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Comment: Re:It's not that big of deal (Score 2, Insightful) 334

by Supergibbs (#32068544) Attached to: MATLAB Can't Manipulate 64-Bit Integers
Sweet spot? Could it have been that a majority of computers were 32-bit? Ya sure, 64 bit computing has been around a while but it was mostly specialized servers. Now that most new computers are x64 compatible it would make sense to optimize for 64-bit. The many integers between 32 and 64 bits would be processed much faster and couldn't the bigint routines take advantage as well? I am not sure how big int work other than they use strings for storage. I assume they use clever math to break the calculations up and then piece it back together, so could 64bit reduce the number of calculations?

Comment: Re:Make it clear in writing. (Score 1) 210

by Supergibbs (#29089291) Attached to: Burning Man Responds To EFF's Criticism of Policy

If you have a rule written in a way that allows for broad range of interpretation, yet you claim that you only enforce within a narrow range, then it is incumbent on you to rewrite the rule to only cover that narrow range. Otherwise that rule or law can be selectively enforced or more harshly enforced later.

Never trust a vague or partially enforced rule or law. They are quite often used against the citizenry or "community" later.

Everyone knows how sneaky lawyers will argue subjectivity etc and find ways to exploit BM and it's culture. I'd love to live in a world where I could trust everyone to respect each others wishes but we don't. I, as a burner, would MUCH rather put my trust in the Burning Man LLC that has proven itself to act in it's participants best interest for 20 years over some jerk with fancy lawyers who wants to make "BM Girls gone wild".

Comment: Re:So fix the terms and conditions (Score 1) 210

by Supergibbs (#29089271) Attached to: Burning Man Responds To EFF's Criticism of Policy
Yes but if you don't use a hatchet then sneaky lawyers will argue subjectivity etc and find ways to exploit BM and it's culture. I'd love to live in a world where I could trust everyone to respect each others wishes but we don't. I, as a burner, would MUCH rather put my trust in the Burning Man LLC that has proven itself to act in it's participants best interest for 20 years over some jerk who wants to make "BM Girls gone wild".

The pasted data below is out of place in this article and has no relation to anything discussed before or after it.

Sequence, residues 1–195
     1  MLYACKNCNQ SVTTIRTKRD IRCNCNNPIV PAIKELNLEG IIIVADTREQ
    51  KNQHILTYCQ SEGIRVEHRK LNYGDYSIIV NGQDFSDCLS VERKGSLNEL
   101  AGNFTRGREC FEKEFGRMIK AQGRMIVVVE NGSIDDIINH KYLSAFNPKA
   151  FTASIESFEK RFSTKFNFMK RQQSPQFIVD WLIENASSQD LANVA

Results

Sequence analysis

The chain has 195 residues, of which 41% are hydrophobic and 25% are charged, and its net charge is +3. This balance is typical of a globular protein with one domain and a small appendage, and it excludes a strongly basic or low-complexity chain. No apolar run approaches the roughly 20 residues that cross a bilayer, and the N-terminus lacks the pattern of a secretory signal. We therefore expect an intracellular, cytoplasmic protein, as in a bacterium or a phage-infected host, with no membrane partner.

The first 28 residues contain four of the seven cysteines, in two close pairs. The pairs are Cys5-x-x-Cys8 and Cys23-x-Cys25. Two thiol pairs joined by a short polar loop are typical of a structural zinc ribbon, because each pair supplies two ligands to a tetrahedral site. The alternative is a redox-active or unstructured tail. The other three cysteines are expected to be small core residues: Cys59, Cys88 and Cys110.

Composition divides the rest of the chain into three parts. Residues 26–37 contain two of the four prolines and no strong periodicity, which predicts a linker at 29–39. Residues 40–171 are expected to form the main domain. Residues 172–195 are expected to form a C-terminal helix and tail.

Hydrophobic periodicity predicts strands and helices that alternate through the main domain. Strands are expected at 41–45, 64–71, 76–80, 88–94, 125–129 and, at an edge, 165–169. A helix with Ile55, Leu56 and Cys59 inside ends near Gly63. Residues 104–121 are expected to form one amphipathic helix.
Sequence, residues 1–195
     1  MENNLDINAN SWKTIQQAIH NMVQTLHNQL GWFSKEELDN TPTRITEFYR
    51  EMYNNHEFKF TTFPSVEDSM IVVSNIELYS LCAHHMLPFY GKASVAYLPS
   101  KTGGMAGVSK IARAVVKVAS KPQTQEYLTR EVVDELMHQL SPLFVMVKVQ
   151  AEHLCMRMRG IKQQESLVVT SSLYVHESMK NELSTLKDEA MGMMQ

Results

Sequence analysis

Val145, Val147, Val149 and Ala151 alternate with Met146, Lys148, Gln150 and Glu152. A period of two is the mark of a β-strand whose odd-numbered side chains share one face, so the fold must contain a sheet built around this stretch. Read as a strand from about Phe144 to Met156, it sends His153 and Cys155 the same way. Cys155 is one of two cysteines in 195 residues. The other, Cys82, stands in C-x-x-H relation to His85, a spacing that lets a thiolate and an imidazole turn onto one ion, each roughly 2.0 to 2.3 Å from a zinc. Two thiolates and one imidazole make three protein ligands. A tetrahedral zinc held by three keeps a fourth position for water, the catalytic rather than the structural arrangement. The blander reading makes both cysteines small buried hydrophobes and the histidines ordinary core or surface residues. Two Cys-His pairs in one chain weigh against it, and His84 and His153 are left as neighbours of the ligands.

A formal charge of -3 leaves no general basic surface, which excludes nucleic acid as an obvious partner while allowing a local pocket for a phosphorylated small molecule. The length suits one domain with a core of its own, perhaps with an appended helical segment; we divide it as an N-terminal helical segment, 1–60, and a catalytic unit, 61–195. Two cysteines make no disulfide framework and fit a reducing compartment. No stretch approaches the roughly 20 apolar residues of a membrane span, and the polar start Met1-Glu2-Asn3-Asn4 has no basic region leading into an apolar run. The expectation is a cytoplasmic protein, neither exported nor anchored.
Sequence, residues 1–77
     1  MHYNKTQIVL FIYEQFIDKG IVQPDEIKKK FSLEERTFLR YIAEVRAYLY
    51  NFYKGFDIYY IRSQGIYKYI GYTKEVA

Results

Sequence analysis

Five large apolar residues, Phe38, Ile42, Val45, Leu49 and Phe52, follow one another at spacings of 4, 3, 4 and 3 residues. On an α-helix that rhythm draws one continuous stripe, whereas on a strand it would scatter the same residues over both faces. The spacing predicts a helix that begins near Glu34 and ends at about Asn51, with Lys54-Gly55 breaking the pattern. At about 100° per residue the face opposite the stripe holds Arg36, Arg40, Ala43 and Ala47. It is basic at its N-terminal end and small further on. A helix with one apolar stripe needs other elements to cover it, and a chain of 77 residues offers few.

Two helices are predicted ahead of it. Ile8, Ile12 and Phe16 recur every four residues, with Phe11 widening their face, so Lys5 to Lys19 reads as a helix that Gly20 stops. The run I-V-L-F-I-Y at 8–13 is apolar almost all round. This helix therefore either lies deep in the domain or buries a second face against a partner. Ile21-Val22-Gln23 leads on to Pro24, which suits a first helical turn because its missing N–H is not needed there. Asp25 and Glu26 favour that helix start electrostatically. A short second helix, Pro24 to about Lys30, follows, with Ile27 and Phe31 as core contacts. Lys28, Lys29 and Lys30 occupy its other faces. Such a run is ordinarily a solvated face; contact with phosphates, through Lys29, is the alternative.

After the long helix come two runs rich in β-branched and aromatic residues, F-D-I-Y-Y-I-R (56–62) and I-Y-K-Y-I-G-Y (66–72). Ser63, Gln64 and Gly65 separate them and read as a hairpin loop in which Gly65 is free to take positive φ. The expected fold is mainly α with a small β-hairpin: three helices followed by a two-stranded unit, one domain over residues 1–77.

Comment: Re:Despite BM assurances ... (Score 1) 210

by Supergibbs (#29089251) Attached to: Burning Man Responds To EFF's Criticism of Policy
Yes BM is an LLC but for good reasons explained here. They don't accept investors, have any commercial sponsorships, or endorse any products. They don't allow outside vendors and only sell coffee/tea and ice at the event. They definitely aren't out to make a lot of cash and have very few year round staff. A lot of the event staff is volunteer.

Comment: Re:the BMO (Score 2, Interesting) 439

by Supergibbs (#29054289) Attached to: EFF Says Burning Man Usurps Digital Rights
There is a good reason for this. As it says in the article "Burning Man strives to celebrate our individuality, creativity and free spirit," this is true, very true AT Burning Man. There are few rules and lots of fun. The press rule is there to protect the participants. Many take this opportunity to express themselves but don't really want to show the world their Burning Man side. At Burning Man, you are not supposed to take picture without permission but inevitably this happens. This press rule allows participants a way to protect themselves. It's not abused by the Burning Man Organization.

While Burning Man is NOT a nonprofit, they don't accept investors, have any commercial sponsorships, or endorse any products. They don't allow outside vendors and only sell coffee/tea and ice at the event. They definitely aren't out to make a lot of cash and have no need to advertise. Word of mouth grows Burning Man fast enough, almost 50,000 participants at the last burn. They'd much rather make their participants feel safe.

Comment: Re:How soon we forget (Score 1) 493

by Supergibbs (#28640161) Attached to: How Microsoft Has Changed Without Bill Gates

I know, I know, there's all sorts of arguments that macs can get viruses,

That isn't (or shouldn't be) the argument. In my mind, there is no questions that Macs CAN get viruses, it's just that no one will take the time to find exploits and write one when they can hit the majority of computers by hitting windows. I can't wait until the tipping point when there are enough Apple users to make it worth it. Then we can all laugh at the silly Apple users that thought they were invincible.

Stinginess with privileges is kindness in disguise. -- Guide to VAX/VMS Security, Sep. 1984

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